McClellan not only acted as FDA Commissioner under George W. Bush, he also ran the Medicare and Medicaid Services Centers. His credentials make him a shoe-in for the job, should it be offered to him. McClellan may also be the only person in Washington who can compete with Gottlieb's enthusiasm when talking about the strange interaction between biosimilar and drug discount. And while McClellan is still pumping ideas on how to reform the FDA and reducing health costs as part of his current role at Duke University, he has largely gone from the limelight as Gottlieb, his former deputy, the hell agency. But did anyone who already drove both the FDA and the CMS really want their old job back, two decades later?

Jerome Adams

As Gottlieb, Adams, the surgeon in general, is another Trump administration figure popular in public health circles. (There aren't many.) He and Gottlieb also share some of the same health concerns, namely the use of youth's e-cigarette and addiction. But unlike Gottlieb, Adam's previous experience with the FDA or the broader drug development world is lacking. Prior to being appointed surgeon by President Trump, Adams was an anesthetist and then the Health Commissioner of Indiana (currently Gov. Mike Pence).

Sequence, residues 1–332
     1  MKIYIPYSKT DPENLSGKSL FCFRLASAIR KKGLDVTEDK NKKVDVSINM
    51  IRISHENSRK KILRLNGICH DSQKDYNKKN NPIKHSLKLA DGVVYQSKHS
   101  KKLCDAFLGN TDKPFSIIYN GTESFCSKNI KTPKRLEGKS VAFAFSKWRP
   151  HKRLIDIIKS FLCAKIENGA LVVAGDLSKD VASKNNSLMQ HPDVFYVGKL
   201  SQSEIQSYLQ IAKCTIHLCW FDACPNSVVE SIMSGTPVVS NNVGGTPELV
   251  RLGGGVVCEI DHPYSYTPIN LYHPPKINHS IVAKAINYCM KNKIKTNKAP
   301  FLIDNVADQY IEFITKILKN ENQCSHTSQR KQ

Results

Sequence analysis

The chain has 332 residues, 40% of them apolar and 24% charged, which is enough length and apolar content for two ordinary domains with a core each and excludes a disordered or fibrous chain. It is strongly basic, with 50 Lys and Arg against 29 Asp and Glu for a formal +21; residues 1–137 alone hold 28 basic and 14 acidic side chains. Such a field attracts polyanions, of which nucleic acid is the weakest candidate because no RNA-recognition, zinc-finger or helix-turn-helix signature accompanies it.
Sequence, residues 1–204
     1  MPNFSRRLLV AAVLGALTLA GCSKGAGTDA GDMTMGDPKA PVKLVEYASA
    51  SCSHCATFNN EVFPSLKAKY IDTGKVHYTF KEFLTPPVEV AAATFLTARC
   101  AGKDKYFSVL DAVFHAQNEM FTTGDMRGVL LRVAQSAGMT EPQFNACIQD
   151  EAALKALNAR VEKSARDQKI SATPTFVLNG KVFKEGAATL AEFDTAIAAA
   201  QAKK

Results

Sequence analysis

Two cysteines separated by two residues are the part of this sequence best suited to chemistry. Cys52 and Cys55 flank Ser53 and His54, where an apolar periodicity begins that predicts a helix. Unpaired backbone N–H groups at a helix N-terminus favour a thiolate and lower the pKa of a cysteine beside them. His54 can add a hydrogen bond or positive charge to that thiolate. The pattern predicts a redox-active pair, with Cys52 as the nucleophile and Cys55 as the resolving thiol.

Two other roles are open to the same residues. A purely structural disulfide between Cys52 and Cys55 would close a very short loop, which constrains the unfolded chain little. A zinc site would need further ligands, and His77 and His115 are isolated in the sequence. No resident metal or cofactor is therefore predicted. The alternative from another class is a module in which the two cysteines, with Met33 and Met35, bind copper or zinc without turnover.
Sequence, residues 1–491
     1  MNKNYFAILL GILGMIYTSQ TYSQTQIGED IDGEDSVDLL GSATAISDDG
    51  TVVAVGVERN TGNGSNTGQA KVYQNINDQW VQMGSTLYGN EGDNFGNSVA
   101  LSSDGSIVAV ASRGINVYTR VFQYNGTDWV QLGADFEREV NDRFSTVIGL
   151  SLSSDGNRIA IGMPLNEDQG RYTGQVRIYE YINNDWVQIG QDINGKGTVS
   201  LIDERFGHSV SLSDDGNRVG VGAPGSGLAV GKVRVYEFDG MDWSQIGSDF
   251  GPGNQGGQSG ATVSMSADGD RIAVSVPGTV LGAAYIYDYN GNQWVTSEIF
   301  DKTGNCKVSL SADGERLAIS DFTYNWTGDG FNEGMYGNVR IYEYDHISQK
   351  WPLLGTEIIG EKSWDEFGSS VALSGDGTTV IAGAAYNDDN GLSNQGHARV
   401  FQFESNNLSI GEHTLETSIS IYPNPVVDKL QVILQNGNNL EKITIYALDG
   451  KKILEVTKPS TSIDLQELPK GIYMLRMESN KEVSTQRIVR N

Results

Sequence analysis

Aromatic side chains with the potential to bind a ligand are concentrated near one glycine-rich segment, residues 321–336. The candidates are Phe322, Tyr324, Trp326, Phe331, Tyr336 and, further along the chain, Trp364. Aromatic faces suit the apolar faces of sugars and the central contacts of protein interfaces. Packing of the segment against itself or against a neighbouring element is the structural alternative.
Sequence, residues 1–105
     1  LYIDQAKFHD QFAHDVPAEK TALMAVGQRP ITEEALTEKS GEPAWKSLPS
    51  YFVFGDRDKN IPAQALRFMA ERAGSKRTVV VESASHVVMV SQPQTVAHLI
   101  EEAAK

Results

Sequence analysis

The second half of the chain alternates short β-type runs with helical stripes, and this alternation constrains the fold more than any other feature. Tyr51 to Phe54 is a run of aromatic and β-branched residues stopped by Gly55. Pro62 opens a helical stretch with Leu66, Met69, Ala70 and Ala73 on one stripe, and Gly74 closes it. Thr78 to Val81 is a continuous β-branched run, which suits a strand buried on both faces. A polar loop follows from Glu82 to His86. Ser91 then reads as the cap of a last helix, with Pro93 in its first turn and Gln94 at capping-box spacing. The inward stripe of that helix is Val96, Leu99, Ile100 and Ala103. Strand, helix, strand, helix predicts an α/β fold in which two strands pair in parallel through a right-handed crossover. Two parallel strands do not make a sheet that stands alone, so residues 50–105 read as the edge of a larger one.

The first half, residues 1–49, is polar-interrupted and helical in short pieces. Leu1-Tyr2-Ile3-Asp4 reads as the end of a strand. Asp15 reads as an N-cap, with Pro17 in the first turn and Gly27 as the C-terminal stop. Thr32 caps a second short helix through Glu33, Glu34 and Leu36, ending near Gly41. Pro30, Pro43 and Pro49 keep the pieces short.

His nomination feels unlikely, partly because Adams seems to enjoy traveling to shore and highlighting his priorities, including the importance of carrying opioid overdose drug naloxone and the link between public health and the economy. But one thing to keep in mind: While Adam's role gives him a pretty prominent pulpit to talk about, it's basically just that. Running the FDA comes with a lot of regulatory power.

We admit it. Anything can happen.

Jim O'Neill